As I walked, I thought of the song line, how the Aboriginals in Australia sing the land.  And I did my version of it, paying attention to the natural markers around me, the unusual trees, the wildflowers (there were so many wildflowers), the stone walls and the stream that followed the trail then disappeared.

We went up a mountain and down it.  The trail often obstructed by fallen trees, some of them cut with a chain saw long ago to keep the trail clear.  Some of them impossible to pass.

After an hour I found a log to sit on.  Fate climbed up next to me, (as she does) and waited as I listened to the woodpeckers bang out their stories to each other in the tops of the trees.

On the trail back, I thought of the part of me, the fearful part, that  I was ready to leave behind.  I didn’t feel her anymore, it was as if I already left her back in the woods.  I didn’t feel sorry for her, or worry that she might be scared.  I did wonder briefly if she’d haunt the woods. But what I really sensed is that she lay down in the earth, among the wild flowers and ferns and disappeared into the soil becoming a part of it.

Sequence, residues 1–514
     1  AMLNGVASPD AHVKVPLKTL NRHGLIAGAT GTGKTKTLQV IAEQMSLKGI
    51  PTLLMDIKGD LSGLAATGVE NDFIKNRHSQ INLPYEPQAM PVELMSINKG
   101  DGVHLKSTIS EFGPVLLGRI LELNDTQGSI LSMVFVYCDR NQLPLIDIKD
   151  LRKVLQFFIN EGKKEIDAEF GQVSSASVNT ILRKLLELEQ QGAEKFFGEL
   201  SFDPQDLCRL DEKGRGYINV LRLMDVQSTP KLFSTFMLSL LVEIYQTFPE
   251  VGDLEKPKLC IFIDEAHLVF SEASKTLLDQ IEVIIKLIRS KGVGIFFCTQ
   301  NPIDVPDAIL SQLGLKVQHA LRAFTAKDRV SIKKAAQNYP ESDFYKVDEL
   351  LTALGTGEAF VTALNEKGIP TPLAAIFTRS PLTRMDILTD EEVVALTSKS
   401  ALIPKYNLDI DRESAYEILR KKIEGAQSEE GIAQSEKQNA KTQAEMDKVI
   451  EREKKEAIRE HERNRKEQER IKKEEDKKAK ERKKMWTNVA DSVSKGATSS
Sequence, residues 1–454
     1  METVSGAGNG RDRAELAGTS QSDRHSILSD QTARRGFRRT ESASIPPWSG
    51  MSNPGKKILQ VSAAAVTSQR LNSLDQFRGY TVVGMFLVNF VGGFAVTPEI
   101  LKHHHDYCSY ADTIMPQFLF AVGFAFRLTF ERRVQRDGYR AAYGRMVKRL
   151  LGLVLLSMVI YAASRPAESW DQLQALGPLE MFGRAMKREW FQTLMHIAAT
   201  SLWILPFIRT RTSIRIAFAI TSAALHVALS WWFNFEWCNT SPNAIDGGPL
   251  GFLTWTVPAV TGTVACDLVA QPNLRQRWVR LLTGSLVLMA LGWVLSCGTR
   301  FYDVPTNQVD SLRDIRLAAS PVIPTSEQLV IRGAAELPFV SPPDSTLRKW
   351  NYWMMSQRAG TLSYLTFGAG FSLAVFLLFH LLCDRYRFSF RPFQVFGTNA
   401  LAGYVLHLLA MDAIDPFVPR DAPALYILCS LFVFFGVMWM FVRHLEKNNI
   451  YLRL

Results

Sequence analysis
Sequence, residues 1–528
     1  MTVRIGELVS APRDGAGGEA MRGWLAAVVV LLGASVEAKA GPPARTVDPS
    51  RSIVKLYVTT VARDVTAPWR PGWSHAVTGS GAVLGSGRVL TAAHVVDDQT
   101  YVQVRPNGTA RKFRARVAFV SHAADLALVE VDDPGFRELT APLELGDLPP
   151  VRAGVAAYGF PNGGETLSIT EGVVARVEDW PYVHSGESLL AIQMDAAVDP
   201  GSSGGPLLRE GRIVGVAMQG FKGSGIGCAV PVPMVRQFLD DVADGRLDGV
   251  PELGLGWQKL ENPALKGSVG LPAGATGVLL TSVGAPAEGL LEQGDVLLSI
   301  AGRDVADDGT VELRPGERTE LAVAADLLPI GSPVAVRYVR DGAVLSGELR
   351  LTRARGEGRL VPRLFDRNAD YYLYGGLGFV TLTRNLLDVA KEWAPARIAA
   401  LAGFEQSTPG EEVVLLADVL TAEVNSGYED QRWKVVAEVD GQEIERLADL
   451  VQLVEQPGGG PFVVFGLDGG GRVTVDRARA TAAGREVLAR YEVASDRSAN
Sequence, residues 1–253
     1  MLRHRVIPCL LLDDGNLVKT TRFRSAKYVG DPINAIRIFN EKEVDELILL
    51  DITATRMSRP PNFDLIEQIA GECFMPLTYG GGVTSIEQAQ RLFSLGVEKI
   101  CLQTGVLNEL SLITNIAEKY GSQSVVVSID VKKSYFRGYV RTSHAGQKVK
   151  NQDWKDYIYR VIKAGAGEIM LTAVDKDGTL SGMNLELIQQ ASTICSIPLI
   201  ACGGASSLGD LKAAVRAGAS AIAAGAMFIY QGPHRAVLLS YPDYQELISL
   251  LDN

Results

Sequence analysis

And the thing is, walking in those hundreds of acres, I wasn’t afraid for a moment. Even when I lost the trail for a bit, and decided to follow Fate, who was unusually insistent that I follow her for a change, I wasn’t scared.

I think it was because I trusted myself.  I saw in myself, what those around me growing up, could never see in me.  Which is my ability  to make good decisions for myself and even if I made a mistake, my ability to deal with it.